Homily for the Easter Vigil and Easter Sunday, 16 & 17/4/22

posted 19 Apr 2022, 01:53 by Parish Office

I always like the drama of the celebration of Easter. In St Luke’s account, the women go to the tomb, find the stone has been rolled away and the body missing. As they stand there not knowing what to think, they are told, with a note of triumph: “Why look among the dead for someone who is alive?” They go back to tell the Eleven. In St John’s Gospel, after Peter and John visit the tomb, it says, “till this moment they had failed to understand the teaching of scripture, that he must rise from the dead”. On Easter Sunday, the psalm after the first reading says, “The stone which the builders rejected has become the cornerstone”. This is seen as prophetic of Christ, who was completely rejected by the religious authorities at the time, but was raised to new life, and He is now the cornerstone on which the whole Church is founded.

The significance of a cornerstone is that it is first stone that is set when building a new construction, and the whole alignment of the building is made in reference to it. So, in other words, Christ is the reference point for the whole building. And just think how stupid it would be for the builders to throw the cornerstone away, and then try to build without it. “The stone which the builders rejected has become the cornerstone”. In another translation, it says, “It was the stone rejected by the builders that proved to be the keystone”. So now I need to explain to you what a keystone is.

A keystone is the top stone of an arch, where an arch is made up of different wedge-shaped stones. The top one, the keystone, is the one that keeps all the other ones together and balances them so that they don’t fall over. Remove the keystone, and the arch fails.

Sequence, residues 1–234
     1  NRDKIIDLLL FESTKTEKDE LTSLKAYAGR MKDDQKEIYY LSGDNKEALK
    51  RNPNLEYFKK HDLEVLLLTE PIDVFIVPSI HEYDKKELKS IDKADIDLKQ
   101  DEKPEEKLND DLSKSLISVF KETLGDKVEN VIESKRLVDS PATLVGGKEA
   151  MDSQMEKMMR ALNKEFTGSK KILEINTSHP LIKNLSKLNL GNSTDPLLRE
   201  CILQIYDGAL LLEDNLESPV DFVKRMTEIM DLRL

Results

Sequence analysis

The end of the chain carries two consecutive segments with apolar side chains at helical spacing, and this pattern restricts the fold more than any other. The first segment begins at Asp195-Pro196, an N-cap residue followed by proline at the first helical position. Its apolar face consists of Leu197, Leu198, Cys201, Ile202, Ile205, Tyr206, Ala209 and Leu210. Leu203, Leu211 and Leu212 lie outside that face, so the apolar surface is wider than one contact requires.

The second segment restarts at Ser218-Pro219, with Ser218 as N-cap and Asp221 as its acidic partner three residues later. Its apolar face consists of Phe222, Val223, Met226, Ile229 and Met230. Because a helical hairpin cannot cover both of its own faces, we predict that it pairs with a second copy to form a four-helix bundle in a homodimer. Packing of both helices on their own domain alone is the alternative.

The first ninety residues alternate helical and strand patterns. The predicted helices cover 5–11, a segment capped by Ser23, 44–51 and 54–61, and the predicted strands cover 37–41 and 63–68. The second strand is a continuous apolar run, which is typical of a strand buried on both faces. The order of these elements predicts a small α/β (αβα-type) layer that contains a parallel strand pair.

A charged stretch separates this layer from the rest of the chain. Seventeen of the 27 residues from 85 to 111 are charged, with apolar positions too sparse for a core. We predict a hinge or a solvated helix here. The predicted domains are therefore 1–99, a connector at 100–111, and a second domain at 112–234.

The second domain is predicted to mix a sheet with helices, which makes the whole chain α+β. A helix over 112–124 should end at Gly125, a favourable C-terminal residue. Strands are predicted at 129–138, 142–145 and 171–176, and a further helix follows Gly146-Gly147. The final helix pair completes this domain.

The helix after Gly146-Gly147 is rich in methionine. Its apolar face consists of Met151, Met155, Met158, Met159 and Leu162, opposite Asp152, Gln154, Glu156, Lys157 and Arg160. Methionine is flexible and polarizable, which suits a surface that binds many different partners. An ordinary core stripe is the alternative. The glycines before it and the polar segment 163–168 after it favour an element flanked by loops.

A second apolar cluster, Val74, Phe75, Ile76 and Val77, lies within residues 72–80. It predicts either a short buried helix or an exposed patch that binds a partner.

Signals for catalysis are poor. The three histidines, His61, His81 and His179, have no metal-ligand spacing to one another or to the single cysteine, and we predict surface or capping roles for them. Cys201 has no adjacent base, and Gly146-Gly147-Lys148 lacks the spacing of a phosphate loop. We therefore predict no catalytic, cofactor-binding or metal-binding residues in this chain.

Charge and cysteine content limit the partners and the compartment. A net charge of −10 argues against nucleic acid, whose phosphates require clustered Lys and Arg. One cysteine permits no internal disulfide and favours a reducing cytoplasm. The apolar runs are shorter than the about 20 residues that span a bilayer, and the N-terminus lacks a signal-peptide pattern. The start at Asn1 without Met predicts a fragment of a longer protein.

So the Resurrection of Christ means that our lives have to be built on Him and He has to be the One that keeps us together, keeps us in balance and is our reference point for the whole of our lives. With Him, we are strong; without Him, we are weak and doomed to failure. So many churches have been built in honour of Him, and as the Church we need to be a living building, showing what God is capable of in ordinary peoples’ lives. Through Christ, we are set free; in the Acts of the Apostles, St Peter tells everyone, “all who believe in Jesus will have their sins forgiven through his name”. Everything has changed because of Christ’s Resurrection, and there’s no turning back. He is literally unstoppable.

But that power and that joy are still to be fully implemented. Christ rose, but no-one was there, inside the tomb, to see it happen. When the women went to the tomb in the early morning, before the sun rose, they saw what had happened and suspected the worst. The Eleven also struggled to come to terms with it, suspecting the worst as well. Christ was already risen, but they were probably getting annoyed and depressed. Later, Christ appears to people over a whole succession of events. He upbraids the Eleven for their unbelief. He says to Thomas, “be no longer unbelieving, but believing”. The disciples on the road to Emmaus are depressed, defeated and feeling like they have been beaten. Our Lord has to first jolt them into belief (“You foolish men! So slow to believe the full message of the prophets! Was it not ordained that the Christ should suffer and so enter into his glory?”) Then he had to go through the scriptures, and make it obvious to them that it had all been predicted long ago.

This weekend, we have new life in our parish, with Ernest becoming a Catholic and being confirmed at the Easter Vigil, and Atipaishe being baptised at the 11 am Easter Sunday Mass. This too is a cause for rejoicing, just like the Resurrection of Christ. And just like us, they will discover more deeply, day by day, what it means to follow the Lord. At times is it a call to conversion; at other times it is a journey of amazement at the wonders of the Lord. It is always great to see new people joining us and together with us, following Christ, the cornerstone and keystone, the One who gives all our lives meaning. Please keep them and their families in your prayers, today and especially throughout the Easter season; I am sure that they will also pray for you.